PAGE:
Finding Service with Account Name Using Microsoft PowerShell V1.0
A few months back, I worked on a project where the customer needed to find all services on all servers that used a specific Active Directory (AD) account name. The problem was, they had no idea how the account name had been entered, nor did they know which server or what service used the account. I created a hard-coded script to search all computers in Active Directory for a partial account name. I finally made the time to make the script more useful and generic.
By default, the script requires an account name and will search all computers in AD that have “server” in the OperatingSystem property. The parameter, -AccountName, will have “*” added before and after the name. For example, entering “ctx” will cause the script to search all services for “*ctx*”. This will find firstname.lastname@example.org, domain\svc_ctxaccount, and domain.tld\svc_ctxaccount.
Using -LiteralAccountName causes the script to use the account name entered exactly as typed. For example, -LiteralAccountName “email@example.com” will look for only that specific account name. The script will not search for domain\svc_ctxaccount or domain.tld\svc_ctxaccount.
By default, the script will search all computers in AD that have “server” in the OperatingSystem property. Use -ComputerName to restrict the search to a specific group of computers. For example, -ComputerName “pvs” will limit the search to only computers that have “pvs” somewhere in the DNSHostName property.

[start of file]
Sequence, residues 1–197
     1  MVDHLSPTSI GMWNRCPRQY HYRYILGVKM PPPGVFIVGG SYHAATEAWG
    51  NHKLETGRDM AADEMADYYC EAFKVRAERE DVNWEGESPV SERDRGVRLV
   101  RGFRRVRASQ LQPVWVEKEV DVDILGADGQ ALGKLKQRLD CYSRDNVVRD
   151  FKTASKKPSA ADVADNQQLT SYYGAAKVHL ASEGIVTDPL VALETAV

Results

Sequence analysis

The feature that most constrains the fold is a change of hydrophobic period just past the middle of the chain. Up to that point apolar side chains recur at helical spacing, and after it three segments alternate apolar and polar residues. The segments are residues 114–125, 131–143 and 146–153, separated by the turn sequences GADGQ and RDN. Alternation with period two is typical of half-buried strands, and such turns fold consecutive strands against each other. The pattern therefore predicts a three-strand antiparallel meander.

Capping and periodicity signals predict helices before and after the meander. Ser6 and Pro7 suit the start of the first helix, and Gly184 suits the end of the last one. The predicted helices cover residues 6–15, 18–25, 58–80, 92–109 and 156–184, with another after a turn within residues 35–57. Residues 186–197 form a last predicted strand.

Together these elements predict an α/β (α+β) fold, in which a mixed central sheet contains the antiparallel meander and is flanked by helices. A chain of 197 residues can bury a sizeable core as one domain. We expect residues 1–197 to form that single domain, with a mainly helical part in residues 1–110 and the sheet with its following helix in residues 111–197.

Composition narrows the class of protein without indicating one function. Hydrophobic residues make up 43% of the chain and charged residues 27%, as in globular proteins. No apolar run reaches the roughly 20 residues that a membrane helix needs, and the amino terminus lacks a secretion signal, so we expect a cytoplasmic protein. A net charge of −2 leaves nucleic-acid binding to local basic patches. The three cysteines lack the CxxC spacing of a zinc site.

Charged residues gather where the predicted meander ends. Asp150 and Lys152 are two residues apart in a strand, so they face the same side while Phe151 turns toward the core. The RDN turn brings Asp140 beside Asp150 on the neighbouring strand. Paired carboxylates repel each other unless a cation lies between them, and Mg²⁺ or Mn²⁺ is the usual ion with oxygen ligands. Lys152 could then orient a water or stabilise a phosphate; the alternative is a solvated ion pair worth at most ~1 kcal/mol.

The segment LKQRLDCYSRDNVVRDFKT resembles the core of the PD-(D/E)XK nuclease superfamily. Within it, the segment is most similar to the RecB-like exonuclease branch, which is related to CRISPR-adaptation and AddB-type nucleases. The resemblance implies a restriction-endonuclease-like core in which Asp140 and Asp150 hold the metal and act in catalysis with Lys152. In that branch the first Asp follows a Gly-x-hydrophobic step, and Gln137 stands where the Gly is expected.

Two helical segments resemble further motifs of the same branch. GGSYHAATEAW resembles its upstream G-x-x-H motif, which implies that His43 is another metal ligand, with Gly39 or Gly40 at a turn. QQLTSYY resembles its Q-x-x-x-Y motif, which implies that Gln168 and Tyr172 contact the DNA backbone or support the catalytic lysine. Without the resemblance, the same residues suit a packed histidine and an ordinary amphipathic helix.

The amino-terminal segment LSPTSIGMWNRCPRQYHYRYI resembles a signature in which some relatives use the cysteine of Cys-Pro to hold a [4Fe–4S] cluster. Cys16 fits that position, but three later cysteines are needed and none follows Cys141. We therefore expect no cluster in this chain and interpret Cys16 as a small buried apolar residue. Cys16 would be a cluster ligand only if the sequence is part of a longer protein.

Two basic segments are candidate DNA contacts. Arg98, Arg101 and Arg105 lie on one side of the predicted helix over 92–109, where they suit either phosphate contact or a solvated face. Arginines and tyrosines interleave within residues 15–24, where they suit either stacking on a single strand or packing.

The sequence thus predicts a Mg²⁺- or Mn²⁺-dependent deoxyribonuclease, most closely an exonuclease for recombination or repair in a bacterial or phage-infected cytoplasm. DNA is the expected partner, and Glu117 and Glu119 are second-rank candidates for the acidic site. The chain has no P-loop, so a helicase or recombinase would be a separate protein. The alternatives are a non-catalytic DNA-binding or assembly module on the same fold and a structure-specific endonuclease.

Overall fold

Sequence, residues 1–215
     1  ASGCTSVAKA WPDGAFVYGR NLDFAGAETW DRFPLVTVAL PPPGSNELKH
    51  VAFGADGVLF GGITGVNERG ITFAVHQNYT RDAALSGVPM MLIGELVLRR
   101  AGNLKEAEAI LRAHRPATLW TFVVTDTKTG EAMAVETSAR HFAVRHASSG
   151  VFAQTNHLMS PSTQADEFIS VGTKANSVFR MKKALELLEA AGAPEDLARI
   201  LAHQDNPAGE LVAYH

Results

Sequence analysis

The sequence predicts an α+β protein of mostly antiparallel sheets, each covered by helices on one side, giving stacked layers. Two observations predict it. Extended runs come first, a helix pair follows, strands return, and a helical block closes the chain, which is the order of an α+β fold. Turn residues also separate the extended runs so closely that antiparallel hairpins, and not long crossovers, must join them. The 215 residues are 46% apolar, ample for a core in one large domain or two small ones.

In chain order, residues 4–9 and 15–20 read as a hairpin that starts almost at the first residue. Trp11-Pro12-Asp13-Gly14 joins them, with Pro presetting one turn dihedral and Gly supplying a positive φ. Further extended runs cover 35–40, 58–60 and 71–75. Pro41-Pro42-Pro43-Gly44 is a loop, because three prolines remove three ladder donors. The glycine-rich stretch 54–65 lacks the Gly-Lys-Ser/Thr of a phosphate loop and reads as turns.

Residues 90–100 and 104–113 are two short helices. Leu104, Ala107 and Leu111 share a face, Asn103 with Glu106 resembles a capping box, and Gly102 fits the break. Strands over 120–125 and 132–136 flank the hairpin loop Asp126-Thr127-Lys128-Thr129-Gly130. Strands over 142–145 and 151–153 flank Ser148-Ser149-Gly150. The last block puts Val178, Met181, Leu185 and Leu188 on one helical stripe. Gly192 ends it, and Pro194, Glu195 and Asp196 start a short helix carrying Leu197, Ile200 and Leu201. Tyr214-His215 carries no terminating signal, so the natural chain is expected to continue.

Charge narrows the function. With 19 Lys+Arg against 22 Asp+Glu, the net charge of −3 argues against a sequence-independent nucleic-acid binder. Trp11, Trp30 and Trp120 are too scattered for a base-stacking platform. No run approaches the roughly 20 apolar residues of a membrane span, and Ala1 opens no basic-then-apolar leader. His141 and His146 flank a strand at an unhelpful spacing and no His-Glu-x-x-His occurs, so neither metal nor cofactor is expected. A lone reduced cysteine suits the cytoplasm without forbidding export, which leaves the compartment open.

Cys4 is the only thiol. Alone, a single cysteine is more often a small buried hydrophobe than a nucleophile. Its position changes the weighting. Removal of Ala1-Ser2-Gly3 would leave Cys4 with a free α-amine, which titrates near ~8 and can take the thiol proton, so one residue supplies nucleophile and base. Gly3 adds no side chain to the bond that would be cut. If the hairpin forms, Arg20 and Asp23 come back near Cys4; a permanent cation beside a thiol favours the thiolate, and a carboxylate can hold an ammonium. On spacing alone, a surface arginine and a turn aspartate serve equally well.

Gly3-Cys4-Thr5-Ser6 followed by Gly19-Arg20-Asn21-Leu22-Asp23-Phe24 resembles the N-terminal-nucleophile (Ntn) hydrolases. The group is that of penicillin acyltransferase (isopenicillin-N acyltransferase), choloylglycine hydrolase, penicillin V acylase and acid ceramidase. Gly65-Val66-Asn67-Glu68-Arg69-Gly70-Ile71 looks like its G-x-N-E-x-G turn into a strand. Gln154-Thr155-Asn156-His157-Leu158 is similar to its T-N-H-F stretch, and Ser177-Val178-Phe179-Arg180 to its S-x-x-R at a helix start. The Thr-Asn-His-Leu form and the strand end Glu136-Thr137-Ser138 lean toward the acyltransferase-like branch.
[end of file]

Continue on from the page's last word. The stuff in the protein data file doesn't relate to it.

Using -InputFile allows you to create a text file containing computer name to search. The computer names can be NetBIOS or Fully Qualified Domain Name. The names contained in the file are not validated. Using -ComputerName will filter the names retrieved from the InputFile.
Using -OrganizationalUnit will restrict the search to computers contained in an OU tree. For example, -OrganizationalUnit “ou=RDS Servers,dc=domain,dc=tld” restricts the computers searched to all computers in that OU tree.
This script is in the Miscellaneous section of the downloads page.
You can always find the most current script by going to https://carlwebster.com/where-to-get-copies-of-the-documentation-scripts/
May 15, 2017
Active Directory, PowerShell